DSM bread enzyme targets wheat variation

By staff reporter

- Last updated on GMT

Related tags Bread

DSM Food Specialties is launching its new bakery enzyme Panamore in the US market, targeting issues over wheat quality as well as emulsifier costs that have been playing on bakers bottom lines.

The ingredients firm announced the European launch of Panamore two weeks ago, flagging its potential to reduce emulsifier costs by as much as 70 per cent.

DSM says that the US market is just as high potential for the enzyme as Europe in its DATEM (diacetyl tartaric acid ester of mono/diglyceride) replacement potential. DATEM is commonly used by bakers to strengthen and soften dough and makes up about 0.3 per cent of the total flour weight in a standard loaf.

But derived from raw materials such as palm oil, prices for this emulsifier have spiralled upwards in recent times, adding to the woes of manufacturers who have also had to cope with high wheat prices this year.

"Depending on the amount of DATEM replaced in the application, our enzyme can lead to a 50 to 70 per cent reduction in costs,"​ Phil Latham, new business development manager at DSM Food Specialities, told BakeryandSnacks.com. It can reduce or completely replace the use of chemical emulsifiers in products.

A desire to reduce costs is one of the factors, along with quality improvement, that are expected to drive baker take-up of the new enzyme across the US, as well as holding true for Europe; however other priorities, like issues over wheat quality, are region-specific.

The company says it eliminates the impact of seasonal flour variation and adapts to different bread fermentation requirements. It claims that, until now, there was no on-step solution to these challenges.

Latham said the enzyme will “particularly appeal to bakery manufacturers who suffer losses and challenges due to seasonal variations”.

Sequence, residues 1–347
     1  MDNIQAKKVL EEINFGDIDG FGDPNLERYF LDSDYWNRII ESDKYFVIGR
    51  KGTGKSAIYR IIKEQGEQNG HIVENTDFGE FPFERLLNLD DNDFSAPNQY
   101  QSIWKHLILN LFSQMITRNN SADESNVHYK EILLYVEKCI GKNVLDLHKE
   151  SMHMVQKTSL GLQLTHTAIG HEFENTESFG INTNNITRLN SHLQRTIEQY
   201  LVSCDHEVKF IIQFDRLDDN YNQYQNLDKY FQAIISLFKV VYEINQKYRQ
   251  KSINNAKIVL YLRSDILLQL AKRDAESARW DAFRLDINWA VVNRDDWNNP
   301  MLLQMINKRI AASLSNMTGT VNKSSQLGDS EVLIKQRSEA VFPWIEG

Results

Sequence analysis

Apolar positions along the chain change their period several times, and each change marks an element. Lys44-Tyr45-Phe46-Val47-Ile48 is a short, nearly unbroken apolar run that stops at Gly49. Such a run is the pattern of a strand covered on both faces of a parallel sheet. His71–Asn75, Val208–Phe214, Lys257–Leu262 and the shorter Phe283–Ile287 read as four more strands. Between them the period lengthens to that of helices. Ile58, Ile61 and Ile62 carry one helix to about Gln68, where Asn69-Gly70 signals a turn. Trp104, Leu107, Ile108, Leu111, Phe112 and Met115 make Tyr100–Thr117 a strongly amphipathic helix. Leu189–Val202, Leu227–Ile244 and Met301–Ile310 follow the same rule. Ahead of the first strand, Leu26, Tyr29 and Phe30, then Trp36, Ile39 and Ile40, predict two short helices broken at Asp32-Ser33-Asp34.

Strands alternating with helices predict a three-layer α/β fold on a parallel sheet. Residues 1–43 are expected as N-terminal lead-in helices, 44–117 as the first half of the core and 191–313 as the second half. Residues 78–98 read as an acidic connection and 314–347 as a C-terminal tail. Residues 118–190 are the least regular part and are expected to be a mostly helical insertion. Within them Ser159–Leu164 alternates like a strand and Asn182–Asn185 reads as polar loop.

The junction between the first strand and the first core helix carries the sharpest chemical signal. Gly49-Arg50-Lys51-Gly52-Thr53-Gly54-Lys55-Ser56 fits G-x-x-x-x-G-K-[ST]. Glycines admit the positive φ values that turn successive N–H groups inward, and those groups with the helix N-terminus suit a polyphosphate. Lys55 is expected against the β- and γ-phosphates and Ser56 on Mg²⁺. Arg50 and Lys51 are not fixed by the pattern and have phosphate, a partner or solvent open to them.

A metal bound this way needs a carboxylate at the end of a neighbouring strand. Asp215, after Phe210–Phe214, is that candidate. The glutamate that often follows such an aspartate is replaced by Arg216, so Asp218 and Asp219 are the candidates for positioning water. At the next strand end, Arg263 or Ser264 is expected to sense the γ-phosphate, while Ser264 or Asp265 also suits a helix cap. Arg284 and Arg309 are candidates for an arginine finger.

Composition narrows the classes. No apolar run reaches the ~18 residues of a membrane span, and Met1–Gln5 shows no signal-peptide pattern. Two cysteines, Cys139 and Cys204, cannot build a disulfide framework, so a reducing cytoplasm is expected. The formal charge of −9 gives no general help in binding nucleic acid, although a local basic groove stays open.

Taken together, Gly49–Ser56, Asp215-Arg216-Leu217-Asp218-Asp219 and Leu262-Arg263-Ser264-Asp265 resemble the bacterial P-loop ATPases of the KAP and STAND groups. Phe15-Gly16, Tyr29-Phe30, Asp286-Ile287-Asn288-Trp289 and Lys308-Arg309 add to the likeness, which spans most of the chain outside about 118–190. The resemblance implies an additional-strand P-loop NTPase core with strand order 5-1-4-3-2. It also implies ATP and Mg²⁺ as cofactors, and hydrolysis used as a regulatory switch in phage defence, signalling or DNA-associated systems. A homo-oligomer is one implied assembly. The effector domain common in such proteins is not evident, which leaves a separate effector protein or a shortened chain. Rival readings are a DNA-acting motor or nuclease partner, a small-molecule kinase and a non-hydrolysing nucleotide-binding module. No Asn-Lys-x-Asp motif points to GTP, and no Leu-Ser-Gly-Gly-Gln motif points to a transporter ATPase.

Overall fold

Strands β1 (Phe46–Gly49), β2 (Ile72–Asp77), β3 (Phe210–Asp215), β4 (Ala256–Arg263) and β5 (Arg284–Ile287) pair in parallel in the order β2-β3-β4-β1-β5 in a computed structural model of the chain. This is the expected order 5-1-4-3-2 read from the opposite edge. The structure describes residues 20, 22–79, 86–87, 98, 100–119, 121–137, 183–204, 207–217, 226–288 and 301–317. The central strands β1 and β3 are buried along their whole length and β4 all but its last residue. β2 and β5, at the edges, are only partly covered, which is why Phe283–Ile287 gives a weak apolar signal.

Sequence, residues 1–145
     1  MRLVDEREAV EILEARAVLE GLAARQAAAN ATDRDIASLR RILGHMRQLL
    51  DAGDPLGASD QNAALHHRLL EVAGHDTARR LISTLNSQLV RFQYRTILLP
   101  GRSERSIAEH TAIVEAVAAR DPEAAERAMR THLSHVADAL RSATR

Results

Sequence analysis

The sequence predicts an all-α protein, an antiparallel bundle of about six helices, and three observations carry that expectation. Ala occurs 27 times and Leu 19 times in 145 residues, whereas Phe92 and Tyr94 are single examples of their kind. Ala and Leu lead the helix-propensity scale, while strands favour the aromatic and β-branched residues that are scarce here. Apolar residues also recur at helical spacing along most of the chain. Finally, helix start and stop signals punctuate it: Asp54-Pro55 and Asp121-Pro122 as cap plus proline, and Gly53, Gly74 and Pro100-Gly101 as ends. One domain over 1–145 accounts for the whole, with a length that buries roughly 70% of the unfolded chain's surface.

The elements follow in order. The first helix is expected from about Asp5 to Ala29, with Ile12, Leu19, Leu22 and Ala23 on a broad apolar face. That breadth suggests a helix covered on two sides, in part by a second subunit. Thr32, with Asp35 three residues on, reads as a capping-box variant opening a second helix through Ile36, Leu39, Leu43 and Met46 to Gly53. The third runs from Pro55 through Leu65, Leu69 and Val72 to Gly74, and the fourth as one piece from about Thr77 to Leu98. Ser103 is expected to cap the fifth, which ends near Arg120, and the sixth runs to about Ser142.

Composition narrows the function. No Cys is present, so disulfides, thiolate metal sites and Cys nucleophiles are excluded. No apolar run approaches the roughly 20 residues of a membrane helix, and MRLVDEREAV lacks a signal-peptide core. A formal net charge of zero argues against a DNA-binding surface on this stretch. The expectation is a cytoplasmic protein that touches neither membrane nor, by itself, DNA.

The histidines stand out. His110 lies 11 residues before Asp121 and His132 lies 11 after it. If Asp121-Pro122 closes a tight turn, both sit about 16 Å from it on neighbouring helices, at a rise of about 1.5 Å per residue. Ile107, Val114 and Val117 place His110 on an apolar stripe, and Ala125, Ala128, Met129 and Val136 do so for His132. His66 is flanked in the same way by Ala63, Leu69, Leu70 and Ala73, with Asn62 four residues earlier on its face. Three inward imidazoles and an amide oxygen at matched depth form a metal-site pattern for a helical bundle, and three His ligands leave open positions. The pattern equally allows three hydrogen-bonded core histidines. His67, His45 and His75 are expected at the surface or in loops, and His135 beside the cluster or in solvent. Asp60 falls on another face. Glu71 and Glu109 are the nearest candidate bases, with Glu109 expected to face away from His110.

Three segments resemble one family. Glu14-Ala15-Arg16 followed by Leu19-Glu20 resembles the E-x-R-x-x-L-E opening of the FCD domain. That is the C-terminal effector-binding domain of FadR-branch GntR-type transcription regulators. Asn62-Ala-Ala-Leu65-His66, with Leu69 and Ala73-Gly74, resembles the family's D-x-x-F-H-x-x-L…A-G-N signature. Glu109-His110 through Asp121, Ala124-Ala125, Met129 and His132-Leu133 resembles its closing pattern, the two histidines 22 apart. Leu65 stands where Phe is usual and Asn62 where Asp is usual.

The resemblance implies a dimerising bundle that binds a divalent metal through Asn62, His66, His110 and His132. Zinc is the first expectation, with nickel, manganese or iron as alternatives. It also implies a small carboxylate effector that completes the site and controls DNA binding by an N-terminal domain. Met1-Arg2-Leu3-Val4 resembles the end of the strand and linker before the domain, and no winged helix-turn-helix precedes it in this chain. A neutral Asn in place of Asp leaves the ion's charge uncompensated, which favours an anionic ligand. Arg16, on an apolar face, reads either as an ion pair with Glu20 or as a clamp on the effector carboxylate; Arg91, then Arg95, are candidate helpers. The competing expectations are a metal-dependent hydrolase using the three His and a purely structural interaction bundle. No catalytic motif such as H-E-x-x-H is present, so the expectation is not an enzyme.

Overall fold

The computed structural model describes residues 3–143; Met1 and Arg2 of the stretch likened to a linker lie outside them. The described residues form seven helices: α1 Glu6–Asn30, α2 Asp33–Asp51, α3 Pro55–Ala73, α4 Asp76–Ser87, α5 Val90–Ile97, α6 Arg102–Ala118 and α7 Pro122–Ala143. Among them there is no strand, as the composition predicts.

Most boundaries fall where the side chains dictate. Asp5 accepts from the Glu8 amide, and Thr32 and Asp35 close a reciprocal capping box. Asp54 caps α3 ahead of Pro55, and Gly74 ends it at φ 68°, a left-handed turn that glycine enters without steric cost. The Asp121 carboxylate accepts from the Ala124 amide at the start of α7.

While there are some differences in formulation terms between bread products for the US and European markets, “Panamore has been validated in all types of formulations and is just as effective in its DATEM replacement potential.”

DSM will produce the enzyme for the US market at its facility in Seclin, France. It did not need to obtain specific approval for Panamore, which is derived by microbial fermentation from Aspergillus, for the US market.

Emulsification unlocked

Panamore took about three years to develop, and is said to be the next generation of DSM's BakeZyme PH 300 and PH 800; its predecessors remain in DSM's bakery enzyme portfolio.

Panamore is said to acts on polar lipids already present naturally in the wheat flour to "unlock and maximise their emulsification properties."

With regards to functionalities, DSM claims its latest bakery enzyme improves dough tolerance, conditions the dough and softens the crumb in situ, providing "optimal volume and crumb structure in the finished product."

In addition, the Panamore preparation, produced by Aspergillus, can "increase bread volume, crust appearance and oven spring."

The global bakery enzymes market has been estimated to be worth around €161m by Leatherhead Food International – around a quarter of the food enzymes market.

The global enzyme market is estimated to be worth about €1.7bn, although food use accounts for only around a third of this.

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